Traffic Incident Management Coalition meeting

Nevada Traffic Incident Management (TIM) Coalition held their  biannual meeting Tuesday with Winnemucca first responders to discuss traffic incident management in Humboldt County. Topics included new traffic legislation, 2017 Nevada traffic accident and fatalities statistics and the development of a local TIM Coalition responder plan specific to Winnemucca.

The TIM Coalition seeks to improve traffic incident management and safety through training in best practices as well as through providing resources to first responders. 

Representatives of Nevada Highway Patrol, Nevada Department of Transportation (NDOT), Winnemucca Police Department, Winnemucca Volunteer Fire Department, towing companies and others attended the meeting.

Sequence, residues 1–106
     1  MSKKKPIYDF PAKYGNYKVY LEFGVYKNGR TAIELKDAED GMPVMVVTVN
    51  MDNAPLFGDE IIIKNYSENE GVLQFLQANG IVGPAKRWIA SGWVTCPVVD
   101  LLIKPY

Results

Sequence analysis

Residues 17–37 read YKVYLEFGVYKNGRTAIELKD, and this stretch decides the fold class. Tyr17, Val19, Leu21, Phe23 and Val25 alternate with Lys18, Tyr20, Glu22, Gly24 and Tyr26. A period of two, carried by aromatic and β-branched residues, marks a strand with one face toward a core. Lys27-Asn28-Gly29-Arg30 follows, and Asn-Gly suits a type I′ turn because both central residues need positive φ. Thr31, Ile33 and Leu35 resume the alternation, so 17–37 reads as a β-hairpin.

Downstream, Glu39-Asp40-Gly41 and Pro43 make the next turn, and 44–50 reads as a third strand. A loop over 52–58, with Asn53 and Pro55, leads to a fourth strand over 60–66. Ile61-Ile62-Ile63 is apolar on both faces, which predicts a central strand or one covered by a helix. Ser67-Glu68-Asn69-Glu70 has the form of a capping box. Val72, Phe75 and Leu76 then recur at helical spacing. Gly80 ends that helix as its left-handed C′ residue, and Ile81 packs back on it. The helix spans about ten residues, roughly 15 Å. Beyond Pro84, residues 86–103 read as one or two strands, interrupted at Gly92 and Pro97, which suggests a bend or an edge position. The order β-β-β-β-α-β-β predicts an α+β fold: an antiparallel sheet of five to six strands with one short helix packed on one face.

According to Project Manager Pat Gallagher, 210 traffic fatalities have occurred in Nevada so far in 2017. This time last year, 230 people had died in traffic accidents. Humboldt County had two fatal crashes last year, and two so far this year.

Gallagher said the drop in accidents and fatalities is particularly significant because that number had been climbing for 10 years. 

Project Coordinator Rita Brohman said one of the major reasons that accidents and fatalities have dropped relates to the rise in TIM Coalition members, including the training involved. In the past 18 months, the TIM Coalition has grown from 400 members to 900.

“There’s a huge difference when we come together, and work together, and we train together,” Brohman said.

One of the main focuses of traffic incident management is to clear the roadways as quickly as possible after an accident. “The longer the roadways are clogged up, the more secondary crashes happen. Then commerce is slowed down. People can’t get to just snowballs,” Gallagher explained.

According to the TIM Coalition website, a secondary accident is “an accident that occurs as a result of congestion or distraction from a prior crash.” Twenty-two percent of crashes are secondary; 18 percent of secondary crashes are fatal.